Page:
What we know about the cyber attack on Optus and how to protect yourself online.
A cyber attack on the phone company Optus could have led to a data breach that could have affected both current and former customers.
Optus says it noticed “unusual activity” yesterday afternoon and is now working with the Australian Cyber Security Centre and the Australian Federal Police to figure out what happened.
Here’s what we know about the attack and what you can do to protect yourself online.
What kind of information could have been made public?
Optus says the following kinds of information could have been leaked:
- Names of customers;
- Phone numbers;
- Email addresses;
For some customers only:
- Numbers on ID documents like driver’s licenses or passports
Optus says that no payment information or account passwords have been lost or stolen.
Also, Optus services, like mobile and home internet, are not affected, nor have messages or voice calls been hacked.
The company says that it is still safe to use Optus services and that they work as usual.
Who has the cyber attack affected?
CEO of Optus Kelly Bayer Rosmarin says that the cyber attack could have affected both current and past customers.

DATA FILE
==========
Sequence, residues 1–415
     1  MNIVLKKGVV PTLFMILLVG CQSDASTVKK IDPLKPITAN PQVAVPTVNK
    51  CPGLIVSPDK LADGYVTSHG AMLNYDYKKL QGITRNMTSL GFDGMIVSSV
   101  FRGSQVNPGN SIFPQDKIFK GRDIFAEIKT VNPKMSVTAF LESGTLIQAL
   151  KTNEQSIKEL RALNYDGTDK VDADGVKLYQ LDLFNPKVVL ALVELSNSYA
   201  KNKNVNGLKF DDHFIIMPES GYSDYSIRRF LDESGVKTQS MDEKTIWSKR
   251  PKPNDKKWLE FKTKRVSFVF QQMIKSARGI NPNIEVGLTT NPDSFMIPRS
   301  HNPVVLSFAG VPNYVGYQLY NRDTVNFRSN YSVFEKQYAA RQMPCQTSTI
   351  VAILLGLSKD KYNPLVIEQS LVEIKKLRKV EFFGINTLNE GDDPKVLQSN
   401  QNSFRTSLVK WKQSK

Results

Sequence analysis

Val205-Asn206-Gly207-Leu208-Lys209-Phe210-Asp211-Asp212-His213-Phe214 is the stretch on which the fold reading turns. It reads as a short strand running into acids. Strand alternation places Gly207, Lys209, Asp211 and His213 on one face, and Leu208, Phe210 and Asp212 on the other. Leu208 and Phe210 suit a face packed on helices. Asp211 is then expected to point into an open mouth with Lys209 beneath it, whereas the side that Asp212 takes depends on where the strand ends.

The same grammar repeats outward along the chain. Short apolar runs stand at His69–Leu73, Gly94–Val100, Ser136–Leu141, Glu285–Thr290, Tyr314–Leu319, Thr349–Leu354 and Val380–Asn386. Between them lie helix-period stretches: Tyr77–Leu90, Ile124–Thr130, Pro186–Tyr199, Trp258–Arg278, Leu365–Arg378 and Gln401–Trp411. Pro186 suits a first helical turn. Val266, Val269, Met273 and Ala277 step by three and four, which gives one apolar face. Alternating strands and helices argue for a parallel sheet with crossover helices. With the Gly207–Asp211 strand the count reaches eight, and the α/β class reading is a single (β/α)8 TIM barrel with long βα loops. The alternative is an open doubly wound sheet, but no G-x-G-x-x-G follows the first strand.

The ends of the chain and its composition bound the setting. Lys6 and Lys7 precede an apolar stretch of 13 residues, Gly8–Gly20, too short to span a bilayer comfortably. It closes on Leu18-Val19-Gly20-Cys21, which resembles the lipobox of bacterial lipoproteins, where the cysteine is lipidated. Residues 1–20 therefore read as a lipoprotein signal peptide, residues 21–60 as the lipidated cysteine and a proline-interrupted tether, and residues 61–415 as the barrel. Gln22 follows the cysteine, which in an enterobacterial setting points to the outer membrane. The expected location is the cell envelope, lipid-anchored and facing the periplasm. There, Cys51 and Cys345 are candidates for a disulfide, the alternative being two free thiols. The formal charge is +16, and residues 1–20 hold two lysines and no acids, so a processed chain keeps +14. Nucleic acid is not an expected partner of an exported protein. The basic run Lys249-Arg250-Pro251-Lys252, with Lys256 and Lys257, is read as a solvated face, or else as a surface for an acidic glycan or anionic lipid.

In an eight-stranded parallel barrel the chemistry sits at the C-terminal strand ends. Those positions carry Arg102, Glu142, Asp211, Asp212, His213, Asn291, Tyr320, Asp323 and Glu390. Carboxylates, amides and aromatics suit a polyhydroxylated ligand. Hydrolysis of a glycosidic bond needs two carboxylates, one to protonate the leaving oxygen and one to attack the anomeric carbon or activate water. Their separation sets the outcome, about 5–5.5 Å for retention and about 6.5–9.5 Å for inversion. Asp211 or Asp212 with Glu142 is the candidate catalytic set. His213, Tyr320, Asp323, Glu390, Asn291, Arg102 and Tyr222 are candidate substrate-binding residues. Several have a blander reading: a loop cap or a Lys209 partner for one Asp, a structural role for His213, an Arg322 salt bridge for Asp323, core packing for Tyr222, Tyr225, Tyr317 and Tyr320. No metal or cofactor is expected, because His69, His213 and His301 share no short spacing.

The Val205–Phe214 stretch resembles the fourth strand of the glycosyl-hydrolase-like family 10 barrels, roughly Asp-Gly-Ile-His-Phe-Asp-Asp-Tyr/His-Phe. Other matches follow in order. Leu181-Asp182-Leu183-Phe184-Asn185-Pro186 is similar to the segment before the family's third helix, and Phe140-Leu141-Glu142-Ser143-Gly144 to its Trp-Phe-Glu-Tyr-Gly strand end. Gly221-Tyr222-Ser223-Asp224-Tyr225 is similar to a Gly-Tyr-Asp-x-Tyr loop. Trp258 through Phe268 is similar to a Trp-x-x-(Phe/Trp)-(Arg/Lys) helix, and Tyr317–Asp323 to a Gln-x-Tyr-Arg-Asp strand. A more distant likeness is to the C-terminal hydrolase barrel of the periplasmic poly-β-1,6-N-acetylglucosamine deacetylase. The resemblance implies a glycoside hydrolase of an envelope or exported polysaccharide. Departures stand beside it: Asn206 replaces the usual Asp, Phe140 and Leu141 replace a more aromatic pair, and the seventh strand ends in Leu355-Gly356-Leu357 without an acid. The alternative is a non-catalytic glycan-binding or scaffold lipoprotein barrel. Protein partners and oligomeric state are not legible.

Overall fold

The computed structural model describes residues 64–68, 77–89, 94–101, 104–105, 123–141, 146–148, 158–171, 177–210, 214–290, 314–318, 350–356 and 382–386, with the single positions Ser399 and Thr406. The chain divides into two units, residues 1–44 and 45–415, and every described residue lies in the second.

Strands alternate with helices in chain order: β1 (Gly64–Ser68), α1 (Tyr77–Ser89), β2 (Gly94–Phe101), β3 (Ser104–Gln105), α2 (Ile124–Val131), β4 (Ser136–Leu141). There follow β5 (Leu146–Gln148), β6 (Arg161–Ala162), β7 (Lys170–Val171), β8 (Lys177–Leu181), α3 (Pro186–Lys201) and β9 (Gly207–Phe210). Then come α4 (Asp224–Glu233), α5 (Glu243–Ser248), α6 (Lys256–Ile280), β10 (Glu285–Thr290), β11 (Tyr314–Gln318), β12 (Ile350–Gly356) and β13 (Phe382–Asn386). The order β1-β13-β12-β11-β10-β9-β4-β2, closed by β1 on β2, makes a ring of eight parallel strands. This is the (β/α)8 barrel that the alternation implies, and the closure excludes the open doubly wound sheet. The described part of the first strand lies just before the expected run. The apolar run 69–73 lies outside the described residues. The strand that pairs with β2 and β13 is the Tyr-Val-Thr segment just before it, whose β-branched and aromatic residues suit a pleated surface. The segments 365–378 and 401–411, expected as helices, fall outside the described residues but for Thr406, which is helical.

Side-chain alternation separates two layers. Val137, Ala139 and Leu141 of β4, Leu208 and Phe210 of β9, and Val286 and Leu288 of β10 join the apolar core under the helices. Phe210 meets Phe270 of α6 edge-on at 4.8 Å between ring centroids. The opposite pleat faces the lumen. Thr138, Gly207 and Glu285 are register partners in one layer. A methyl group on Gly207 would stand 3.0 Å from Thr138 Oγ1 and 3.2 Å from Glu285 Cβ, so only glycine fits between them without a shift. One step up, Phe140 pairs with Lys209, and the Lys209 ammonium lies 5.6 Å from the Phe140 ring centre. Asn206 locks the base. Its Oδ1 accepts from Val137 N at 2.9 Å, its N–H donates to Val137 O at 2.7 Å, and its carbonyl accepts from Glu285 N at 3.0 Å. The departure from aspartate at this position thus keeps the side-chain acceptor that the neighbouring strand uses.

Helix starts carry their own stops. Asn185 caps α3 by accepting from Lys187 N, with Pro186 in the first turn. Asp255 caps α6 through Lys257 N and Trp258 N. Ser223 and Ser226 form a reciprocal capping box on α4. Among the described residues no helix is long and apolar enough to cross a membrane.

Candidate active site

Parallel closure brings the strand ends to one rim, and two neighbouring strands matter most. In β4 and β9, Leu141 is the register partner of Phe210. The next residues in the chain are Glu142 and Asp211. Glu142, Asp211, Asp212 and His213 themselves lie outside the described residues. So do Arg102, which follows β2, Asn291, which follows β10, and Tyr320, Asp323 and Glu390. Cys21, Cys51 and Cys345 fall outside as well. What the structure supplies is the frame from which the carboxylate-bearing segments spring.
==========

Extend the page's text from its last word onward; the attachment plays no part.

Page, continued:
Ms. Rosmarin says that a “significant” number of people are affected, but she didn’t give a number because it’s still too early.
She told ABC’s Afternoon Briefing, “We want to be absolutely sure when we say how many.”
“We’re really upset because we spend so much time and money trying to stop this from happening.”
Our teams have stopped a lot of attacks in the past, so it’s very disappointing that this one worked.
How can I improve my online safety?
Optus says they don’t know of any customers who have been hurt, but they still want people to be “more aware” of their accounts and keep an eye out for any strange or fraudulent activity or notifications that seem odd or suspicious.
Optus has suggested that people look for information from reliable sources, such as the government’s Money Smart platform and the Identity Fraud page on the website of the Office of the Australian Information Commissioner.
Optus says it will send “proactive personal notifications” and offer “expert third-party monitoring services” to customers who are thought to be at a higher risk.
Clare O’Neil, who is the Minister for Cyber Security in Australia, says that all Australians need to strengthen their cyber defenses to protect themselves.
The Australian Centre for Cyber Security (ACSC) suggests:
- Keeping your devices up-to-date to protect important information
- Securing your accounts with multi-factor authentication
- Backing up your data regularly to the cloud or an external hard drive
The ACSC website has step-by-step instructions on how to use these tips on Apple, Android, and Windows devices.